Cassini Significant Event Report

For Week Ending 09/21/01

The most recent spacecraft telemetry was acquired from the Goldstone
tracking station on Wednesday, September 19. The Cassini spacecraft is in
an excellent state of health and is operating normally. Information on the
spacecraft's position and speed can be viewed on the
"Present Position"
web page.


Recent instrument activities include the conclusion of a detailed solar
wind study by the Cassini Plasma Spectrometer, two Radio and Plasma Wave
Science High Frequency Receiver calibrations, a Cosmic Dust Analyzer (CDA)
decontamination activity, and the first part of a CDA noise evaluation
study. Engineering activities taking place onboard the spacecraft this
week include a calibration of the Stellar Reference Unit and a periodic
engineering maintenance activity that exercised both the Engine Gimbal
Actuator and backup Reaction Wheel Assembly. Real-time commands were
uplinked to the spacecraft to clear the Attitude Control Subsystem (ACS)
high-water marks.


A Command Approval Meeting was held to seek approval for uplink of the
Visual and Infrared Mapping Spectrometer (VIMS) Flight Software (FSW)
version 4.2 to the Solid State Recorder and to load it into the
instrument. The FSW was successfully uplinked and loaded on September 20.


The C29 Sequence Team process began this week with delivery of the first
stripped subsequence Spacecraft Activity Sequence Files (SASFs) and
integrated sequence files. The kickoff meeting was held, and each team is
currently in the process of completing and reviewing their detailed
subsequence SASFs. C29 will feature the first use of "cyclics", which use
a call from the background sequence to run an external program multiple
times, conserving sequence space by not having to expand the program for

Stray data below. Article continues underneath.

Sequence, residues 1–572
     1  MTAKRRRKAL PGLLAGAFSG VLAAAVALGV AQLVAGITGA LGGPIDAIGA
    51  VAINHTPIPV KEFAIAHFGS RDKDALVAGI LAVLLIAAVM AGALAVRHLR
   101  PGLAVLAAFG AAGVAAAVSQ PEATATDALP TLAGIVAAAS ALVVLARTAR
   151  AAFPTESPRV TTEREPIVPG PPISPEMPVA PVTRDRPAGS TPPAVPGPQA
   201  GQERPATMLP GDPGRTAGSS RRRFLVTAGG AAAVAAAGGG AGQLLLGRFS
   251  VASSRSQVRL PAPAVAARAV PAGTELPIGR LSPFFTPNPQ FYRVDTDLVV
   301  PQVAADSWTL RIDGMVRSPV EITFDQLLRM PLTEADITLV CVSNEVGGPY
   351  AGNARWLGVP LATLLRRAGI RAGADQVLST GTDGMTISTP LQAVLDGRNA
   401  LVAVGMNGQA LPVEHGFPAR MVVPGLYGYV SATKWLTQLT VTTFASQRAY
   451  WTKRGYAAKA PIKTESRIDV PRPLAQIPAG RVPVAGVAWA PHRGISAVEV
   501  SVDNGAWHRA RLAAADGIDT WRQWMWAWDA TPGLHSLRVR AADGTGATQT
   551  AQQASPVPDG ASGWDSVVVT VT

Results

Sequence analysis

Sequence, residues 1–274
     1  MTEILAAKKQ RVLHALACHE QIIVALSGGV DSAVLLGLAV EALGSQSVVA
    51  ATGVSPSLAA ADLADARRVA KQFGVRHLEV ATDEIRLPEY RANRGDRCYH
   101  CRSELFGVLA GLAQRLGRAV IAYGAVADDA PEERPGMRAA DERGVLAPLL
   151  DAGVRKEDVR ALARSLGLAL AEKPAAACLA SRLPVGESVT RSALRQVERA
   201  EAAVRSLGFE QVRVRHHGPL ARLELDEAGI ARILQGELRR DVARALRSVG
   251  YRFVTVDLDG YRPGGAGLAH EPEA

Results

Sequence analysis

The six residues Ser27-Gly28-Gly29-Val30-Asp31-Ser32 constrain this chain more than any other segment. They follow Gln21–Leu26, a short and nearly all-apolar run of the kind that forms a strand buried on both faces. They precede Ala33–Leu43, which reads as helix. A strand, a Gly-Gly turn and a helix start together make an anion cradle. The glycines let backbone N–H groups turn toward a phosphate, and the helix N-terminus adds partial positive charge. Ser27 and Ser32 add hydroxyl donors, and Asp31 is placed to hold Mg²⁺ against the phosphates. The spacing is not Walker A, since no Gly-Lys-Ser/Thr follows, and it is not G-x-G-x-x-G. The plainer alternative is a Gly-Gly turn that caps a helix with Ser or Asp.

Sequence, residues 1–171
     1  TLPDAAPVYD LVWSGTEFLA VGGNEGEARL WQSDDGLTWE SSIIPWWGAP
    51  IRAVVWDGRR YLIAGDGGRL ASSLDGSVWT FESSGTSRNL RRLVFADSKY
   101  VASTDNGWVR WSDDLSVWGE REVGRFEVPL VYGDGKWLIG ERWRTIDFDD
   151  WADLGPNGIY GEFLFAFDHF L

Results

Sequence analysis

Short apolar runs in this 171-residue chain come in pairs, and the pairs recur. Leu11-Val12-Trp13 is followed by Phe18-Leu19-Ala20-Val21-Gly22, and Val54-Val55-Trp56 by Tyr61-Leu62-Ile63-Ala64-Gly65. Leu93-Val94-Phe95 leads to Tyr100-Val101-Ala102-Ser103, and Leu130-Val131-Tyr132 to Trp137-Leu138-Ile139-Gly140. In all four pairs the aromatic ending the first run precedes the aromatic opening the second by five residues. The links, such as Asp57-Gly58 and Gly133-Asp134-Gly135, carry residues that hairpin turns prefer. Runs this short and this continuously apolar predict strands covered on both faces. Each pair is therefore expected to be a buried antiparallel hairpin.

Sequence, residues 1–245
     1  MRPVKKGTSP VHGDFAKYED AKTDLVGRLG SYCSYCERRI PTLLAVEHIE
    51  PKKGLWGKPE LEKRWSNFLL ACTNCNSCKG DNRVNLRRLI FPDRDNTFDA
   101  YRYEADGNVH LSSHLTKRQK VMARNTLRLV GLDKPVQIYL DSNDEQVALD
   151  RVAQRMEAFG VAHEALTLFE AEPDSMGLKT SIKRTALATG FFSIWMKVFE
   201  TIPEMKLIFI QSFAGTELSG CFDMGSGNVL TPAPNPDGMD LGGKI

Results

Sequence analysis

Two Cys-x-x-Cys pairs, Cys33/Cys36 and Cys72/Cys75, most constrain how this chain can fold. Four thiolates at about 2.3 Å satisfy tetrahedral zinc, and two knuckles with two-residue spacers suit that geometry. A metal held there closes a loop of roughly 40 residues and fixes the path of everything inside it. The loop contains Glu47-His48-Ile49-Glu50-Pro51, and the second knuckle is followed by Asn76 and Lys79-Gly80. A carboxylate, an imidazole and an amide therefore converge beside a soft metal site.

each occurrence. This capability will be essential for the tour.


The C30 Science Planning Team development process began this week and is
preparing for the Program briefing next week.


An all-day Titan Orbiter Science Team (TOST) meeting was held this week.
The TOST started integrating the plans for Titan encounters T11 through
T22 outside of the +/- 30-minute period around Titan closest approach.
The period within +/-30 minutes for all the remaining Titan flybys was
also worked.


The Imaging Science Subsystem (ISS) team completed the initial
implementation of ISS FSW upgrades. The first basic tests have begun on
Electronic Ground Support Equipment, and a full Acceptance Test Plan is
being prepared.


Developers for the Mission Sequence Subsystem (MSS) ground software
package have drafted a final plan for basic MSS D8.0 infrastructure,
including support for the UNIX Sun Solaris 2.7 operating system and a new
command database that includes Command & Data Subsystem version 9 and ACS
version 8 FSW.


Outreach is taking delivery of its new educational poster, "Cassini
Unveils the Myth" this week. The front of the poster features a mural
painted by middle school artists showing Kronos unveiling Saturn, while
the back provides classroom lessons for teachers. The poster will be
available by request to the Cassini Program and from the nationwide
Educator Resource Center Network and NASA CORE.



Additional information about Cassini-Huygens is online at http://saturn.jpl.nasa.gov.


Cassini will begin orbiting Saturn on July 1, 2004, and release its piggybacked Huygens probe about six months later for descent through the thick atmosphere of the moon Titan. Cassini-Huygens is a cooperative mission of NASA, the European Space Agency and the Italian Space Agency. JPL, a division of the California Institute of Technology in Pasadena, manages the mission for NASA's Office of Space Science, Washington, D.C.


Media Relations Office

Jet Propulsion Laboratory

California Institute of
Technology


National Aeronautics and Space
Administration


Pasadena, Calif. 91109.
Telephone (818) 354-5011





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